Could you expand on "concentrate on the important planning issues such as protecting our local, existing businesses from developers".

If turning a small kiosk into a restaurant is not development I would like to know how else you define it. Do you mean the business should be protected so long as it remains a kiosk?

What is the rationale behind using planning to favour a business because of the residence of its owner? What about local existing developers? They seem to be the ones who find it hardest to put forward plans which are accepted or in another local case think they can depart from the plans that have been agreed with impunity. Unfortunately non local developers seem to be the ones who have the skills and understanding of the system to reach agreement whereas local would be developers, such as Mr Storer of the Pierhead flounder in incomprehension or retreat embittered.

Anonymous said...

http://www.bournemouthecho.co.uk/news/purbeck/4073250.Residents_support_Swanage_seafood_bar/

Anonymous said...

"Swanage people turned out en masse" the report claims, which is a little at odds with Mr Storer's own estimate of 50. The photo in the Echo shows about a dozen people. Perhaps the Echo thinks Swanage has a total population of about 20!

The sad thing about it is the way the whole business and the debate here and elsewhere demonstrates the lack of awareness by so many Swanage people of what makes the place special and worth preserving. The "looks all right to me" brigade and the "he's a nice guy so he should get planning permission" battalion have failed to give any reason in planning terms for supporting the application.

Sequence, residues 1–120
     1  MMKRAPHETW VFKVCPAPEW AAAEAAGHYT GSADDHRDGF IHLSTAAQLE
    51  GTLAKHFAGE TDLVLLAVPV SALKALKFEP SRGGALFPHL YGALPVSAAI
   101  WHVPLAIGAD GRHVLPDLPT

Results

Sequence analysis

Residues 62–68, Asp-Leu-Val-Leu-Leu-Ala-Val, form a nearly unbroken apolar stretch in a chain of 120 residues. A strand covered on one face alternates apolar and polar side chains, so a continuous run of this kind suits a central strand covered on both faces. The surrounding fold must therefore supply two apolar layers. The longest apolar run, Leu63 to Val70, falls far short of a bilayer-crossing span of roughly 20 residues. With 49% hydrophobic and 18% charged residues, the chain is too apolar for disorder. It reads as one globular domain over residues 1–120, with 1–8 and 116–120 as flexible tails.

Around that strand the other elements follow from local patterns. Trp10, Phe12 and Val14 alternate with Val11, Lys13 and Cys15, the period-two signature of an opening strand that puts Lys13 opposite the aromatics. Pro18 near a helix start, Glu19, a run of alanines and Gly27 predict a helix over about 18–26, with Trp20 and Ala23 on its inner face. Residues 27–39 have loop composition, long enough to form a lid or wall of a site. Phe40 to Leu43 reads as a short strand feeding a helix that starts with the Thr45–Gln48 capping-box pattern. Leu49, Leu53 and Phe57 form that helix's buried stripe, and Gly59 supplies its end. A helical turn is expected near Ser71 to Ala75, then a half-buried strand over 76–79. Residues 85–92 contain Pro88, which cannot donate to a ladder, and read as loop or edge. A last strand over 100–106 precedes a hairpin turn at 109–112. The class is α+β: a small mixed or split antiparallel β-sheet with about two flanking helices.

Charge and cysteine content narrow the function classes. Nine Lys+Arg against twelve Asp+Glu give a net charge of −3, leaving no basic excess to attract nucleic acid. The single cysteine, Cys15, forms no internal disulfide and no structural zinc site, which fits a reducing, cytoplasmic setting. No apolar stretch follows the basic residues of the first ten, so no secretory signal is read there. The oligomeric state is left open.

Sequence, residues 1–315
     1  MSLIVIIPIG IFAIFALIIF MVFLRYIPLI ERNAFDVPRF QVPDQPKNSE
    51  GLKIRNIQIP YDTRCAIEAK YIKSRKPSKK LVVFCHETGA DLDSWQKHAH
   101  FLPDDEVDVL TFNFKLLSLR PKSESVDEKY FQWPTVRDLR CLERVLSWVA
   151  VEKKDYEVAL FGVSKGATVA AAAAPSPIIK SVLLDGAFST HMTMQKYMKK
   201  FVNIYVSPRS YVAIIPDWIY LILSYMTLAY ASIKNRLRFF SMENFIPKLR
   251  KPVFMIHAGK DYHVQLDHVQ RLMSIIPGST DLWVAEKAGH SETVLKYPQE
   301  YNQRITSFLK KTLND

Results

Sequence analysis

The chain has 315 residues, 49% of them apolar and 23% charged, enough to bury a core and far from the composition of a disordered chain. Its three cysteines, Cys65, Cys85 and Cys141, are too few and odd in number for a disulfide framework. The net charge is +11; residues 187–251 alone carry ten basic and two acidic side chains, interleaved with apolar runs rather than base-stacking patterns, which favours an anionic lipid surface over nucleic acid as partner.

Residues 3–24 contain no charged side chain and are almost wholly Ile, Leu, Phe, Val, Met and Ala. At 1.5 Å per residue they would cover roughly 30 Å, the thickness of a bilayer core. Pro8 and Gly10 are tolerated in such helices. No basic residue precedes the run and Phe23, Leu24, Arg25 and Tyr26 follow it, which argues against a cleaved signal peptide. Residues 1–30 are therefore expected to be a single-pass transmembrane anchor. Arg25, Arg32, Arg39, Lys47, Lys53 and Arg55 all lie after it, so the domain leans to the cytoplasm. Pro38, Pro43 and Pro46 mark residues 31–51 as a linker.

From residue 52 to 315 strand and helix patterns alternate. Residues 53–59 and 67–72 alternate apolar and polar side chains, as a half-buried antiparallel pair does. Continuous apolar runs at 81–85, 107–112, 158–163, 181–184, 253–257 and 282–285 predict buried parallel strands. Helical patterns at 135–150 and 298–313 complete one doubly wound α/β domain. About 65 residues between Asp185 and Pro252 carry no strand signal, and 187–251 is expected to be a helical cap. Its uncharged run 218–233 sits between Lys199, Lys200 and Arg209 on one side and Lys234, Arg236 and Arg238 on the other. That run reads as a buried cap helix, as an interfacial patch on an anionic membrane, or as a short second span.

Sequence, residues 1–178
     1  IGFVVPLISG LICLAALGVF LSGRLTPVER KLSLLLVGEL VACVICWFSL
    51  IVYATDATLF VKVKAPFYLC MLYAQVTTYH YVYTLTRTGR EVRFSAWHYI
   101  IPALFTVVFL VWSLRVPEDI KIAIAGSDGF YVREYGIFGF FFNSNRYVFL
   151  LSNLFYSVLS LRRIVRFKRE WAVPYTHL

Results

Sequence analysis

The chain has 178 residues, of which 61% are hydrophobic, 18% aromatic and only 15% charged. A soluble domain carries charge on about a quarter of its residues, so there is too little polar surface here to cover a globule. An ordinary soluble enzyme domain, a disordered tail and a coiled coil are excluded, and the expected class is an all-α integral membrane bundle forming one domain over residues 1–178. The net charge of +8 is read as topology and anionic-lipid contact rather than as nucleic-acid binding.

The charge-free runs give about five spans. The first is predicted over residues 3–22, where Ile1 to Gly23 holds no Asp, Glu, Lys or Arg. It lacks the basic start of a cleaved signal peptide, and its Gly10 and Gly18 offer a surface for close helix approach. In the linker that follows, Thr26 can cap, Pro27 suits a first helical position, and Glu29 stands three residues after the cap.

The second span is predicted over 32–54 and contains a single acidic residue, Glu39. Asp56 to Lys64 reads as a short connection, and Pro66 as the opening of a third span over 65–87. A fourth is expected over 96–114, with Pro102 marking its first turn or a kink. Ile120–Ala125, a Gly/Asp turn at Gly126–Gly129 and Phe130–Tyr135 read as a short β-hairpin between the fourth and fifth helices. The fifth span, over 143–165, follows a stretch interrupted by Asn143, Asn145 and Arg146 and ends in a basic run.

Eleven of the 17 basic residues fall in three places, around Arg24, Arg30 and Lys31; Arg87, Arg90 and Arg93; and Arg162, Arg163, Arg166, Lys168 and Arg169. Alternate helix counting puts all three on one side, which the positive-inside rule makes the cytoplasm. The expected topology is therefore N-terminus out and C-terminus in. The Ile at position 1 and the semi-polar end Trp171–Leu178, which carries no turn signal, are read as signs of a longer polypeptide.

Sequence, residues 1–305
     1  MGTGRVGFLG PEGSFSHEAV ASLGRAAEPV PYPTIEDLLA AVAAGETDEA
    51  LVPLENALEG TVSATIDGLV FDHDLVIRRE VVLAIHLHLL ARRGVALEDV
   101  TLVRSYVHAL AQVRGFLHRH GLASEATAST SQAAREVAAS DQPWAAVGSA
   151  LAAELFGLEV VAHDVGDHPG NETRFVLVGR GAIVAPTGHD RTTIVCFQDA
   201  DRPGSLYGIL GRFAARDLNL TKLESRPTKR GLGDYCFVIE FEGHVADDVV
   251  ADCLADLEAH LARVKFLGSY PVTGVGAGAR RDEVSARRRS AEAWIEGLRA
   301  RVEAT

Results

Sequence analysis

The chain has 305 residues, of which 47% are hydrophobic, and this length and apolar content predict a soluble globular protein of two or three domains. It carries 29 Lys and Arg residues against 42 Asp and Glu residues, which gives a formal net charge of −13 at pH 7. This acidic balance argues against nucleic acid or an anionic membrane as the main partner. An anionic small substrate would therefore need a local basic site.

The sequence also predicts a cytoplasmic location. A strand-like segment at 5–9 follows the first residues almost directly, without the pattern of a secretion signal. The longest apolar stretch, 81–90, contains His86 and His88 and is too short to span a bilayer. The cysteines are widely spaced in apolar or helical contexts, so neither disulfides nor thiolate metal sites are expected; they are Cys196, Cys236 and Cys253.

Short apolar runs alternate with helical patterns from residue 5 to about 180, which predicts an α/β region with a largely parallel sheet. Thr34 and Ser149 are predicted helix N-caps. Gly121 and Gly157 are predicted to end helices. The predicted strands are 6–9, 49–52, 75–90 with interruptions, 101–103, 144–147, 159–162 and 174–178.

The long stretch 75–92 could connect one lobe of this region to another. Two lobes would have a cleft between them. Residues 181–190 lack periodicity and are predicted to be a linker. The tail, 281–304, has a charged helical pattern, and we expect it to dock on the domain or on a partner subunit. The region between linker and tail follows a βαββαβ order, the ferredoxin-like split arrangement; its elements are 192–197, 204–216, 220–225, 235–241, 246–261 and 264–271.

Anonymous said...

That's exactly the point. People are saying the planning system is wrong. Accdording to their own map PDC haven't passed anything in the last 30 years which gets a "positive" rating in the conservation area.

Anonymous said...

Wrong in what sense? Did any of these people comment in the recent review of the conservation area I wonder. The report on that commented on how under appreciated it is by many Swanage people.

The fact that all the developments in the conservation area in the last 30 years leave something to be desired demonstrates the low quality of the plans proposed. I daresay many were rammed through by council members in the face of opposition from the officers. Our town needshigher standards not lower ones.

Saying that because so many low quality schemes are proposed the rigour of the conservation area should be reduced is absurd. Despite the views of those who would make this Milton Keynes on Sea its the remnants of the past that our tourists enjoy and which support our economy. Greed and ignorance must not be allowed to prevail.

Anonymous said...